Inspiration for the Journey

On this last day of February, this is my last post (for now) about my plans for the Advanced Advocacy and Community Practice course.

I’m ending the semester with a sort of ‘sending off’.

One of the hardest parts of advocacy practice–in my life, and, I believe, in the lives of many social work practitioners–is sustaining oneself for the journey.

It’s not just about preventing burnout, although that is, of course, important. It’s also about finding a sort of group of colleagues–a team–even when, in many organizations and fields of practice, there are relatively few social workers and/or relatively few practitioners engaged in advocacy practice in a concerted way.

It’s about finding sources of inspiration to give perspective during difficult fights. It requires the ability to center oneself on an animating vision–the world as it should be–without giving up in despair when we fall so short of that ideal. It requires taking care of oneself without retreating to the exclusively private sphere.

It is, of course, a very tall order for a 2.75-hour class period.

I’m going to show some film clips and share some poetry and have them do some journaling. We’re going to utilize some online forums to connect ourselves. I will, as I do every year, offer myself as a mentor and cheerleader.

There may be tears.

And, I’m hoping to crowd-source it a bit.

What sustains you?

What examples are inspiring to you? What do you do to take care of yourself? How do you stay connected with peers? How do you keep going during difficult times?

What advice would you offer to my students, as they begin their own advocacy careers?

What lights would you offer for their journey?

Elections in the rearview mirror, through a social work lens

Like most people, I still have a lot of jumbled-up thoughts about Election Day on Tuesday.

I mean, mainly there is some relief–I had a 6-year-old whose world would have been shattered if Ohio had gone for Obama. And I really, really like that six-year-old.

But I also have the conversations–in this space and in my classroom and with social work colleagues–reverberating in my head, about whether the fiscal cliff means that big cuts in important social programs are coming no matter what, and about whether spending an estimated $6 billion to end up with the same basic political balance of power is, really a good investment.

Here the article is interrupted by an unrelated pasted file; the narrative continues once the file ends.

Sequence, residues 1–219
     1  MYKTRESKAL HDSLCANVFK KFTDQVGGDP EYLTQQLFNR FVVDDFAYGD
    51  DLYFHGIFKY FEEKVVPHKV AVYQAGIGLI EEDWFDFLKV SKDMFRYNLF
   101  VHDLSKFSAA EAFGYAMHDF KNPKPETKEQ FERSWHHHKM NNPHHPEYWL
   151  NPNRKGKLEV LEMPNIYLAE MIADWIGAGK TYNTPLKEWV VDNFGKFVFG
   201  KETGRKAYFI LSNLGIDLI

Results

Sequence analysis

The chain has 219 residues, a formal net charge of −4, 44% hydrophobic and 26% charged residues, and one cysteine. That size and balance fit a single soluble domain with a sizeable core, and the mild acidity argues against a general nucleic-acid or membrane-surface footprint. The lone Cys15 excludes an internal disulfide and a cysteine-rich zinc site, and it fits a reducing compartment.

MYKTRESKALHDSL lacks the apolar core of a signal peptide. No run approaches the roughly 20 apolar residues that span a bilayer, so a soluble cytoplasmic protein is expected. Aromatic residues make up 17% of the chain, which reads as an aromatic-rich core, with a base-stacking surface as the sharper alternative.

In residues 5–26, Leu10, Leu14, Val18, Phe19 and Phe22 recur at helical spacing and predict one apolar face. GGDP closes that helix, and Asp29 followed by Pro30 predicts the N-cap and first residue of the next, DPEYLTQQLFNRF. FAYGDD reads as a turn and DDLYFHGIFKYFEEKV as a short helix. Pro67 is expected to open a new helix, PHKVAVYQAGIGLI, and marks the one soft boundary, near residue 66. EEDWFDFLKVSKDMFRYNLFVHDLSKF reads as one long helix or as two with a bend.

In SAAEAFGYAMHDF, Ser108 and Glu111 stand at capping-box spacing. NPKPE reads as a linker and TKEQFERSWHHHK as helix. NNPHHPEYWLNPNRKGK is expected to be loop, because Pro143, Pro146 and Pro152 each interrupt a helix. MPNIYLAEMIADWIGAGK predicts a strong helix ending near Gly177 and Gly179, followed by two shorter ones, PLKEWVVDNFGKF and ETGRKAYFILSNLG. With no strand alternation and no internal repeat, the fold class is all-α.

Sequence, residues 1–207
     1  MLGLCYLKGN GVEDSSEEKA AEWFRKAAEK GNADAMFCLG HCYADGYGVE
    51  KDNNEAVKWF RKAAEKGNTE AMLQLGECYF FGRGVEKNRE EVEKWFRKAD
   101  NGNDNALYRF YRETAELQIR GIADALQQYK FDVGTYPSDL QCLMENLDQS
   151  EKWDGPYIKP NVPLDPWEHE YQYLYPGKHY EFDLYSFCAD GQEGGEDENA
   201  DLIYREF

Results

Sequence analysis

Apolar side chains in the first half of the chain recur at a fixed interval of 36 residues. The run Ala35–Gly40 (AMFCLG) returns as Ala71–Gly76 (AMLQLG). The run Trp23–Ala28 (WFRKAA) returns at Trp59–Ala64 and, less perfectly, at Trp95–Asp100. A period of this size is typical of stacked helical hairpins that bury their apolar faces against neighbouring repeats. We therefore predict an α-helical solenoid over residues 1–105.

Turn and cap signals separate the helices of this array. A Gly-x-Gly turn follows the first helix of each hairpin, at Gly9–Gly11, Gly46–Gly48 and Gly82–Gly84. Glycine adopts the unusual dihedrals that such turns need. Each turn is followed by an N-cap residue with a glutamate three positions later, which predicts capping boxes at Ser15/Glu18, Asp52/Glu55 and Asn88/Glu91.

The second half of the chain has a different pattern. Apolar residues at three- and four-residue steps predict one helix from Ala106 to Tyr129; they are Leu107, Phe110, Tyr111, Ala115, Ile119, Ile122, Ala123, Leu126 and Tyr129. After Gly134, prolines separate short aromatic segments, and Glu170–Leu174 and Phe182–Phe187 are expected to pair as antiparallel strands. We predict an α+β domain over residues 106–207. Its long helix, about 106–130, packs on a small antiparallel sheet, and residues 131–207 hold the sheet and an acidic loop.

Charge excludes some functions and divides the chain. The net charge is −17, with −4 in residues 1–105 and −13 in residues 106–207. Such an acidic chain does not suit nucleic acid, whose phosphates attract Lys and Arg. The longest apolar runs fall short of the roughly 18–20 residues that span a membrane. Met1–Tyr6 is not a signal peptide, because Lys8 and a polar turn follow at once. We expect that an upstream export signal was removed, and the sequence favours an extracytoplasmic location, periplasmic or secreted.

I wonder about the dangers of equating activism with casting a ballot, and how that constrains our vision of ourselves as civic beings.

And I worry, a lot, about this call for Americans to ‘come together’, since I think this election exposes that we have very, very different ideas about a vision of our country’s future.

What does compromise mean, when people’s views about who should lead us broke down, to a large extent, along demographic lines? What will it take for a President Obama to come to an agreement on tax policy with Speaker Boehner, and what does it mean if he can’t, on any terms that we as social workers would want to accept?

What does it mean, for our future–that of our profession, and the policies that govern us, and the people we dedicate our careers to serve–that about 50% of the country prefers very different policies in almost all of areas where social workers practice (health care, welfare, education) than the other 50%?

If no one has a ‘mandate’, how do we move forward? Can standing at an impasse be a strategy, to hold the line?

What does ‘having a voice’, as so many people talked about in my social media feeds yesterday, referring to their votes, look like on November 8, 2012, instead of the 6th? How do we make our votes just the beginning, instead of the culmination?

Instead of getting back to normal, now that the ads that TV watchers see are done, how do we dedicate ourselves to a civic life that could result in a coming together that looks more like progress and less like capitulation?

I have more unanswered questions than I did two days ago, I think. And they are of more profound variety than, say, “what will turnout look like in Cuyahoga County?”

Anyone want to share some answers?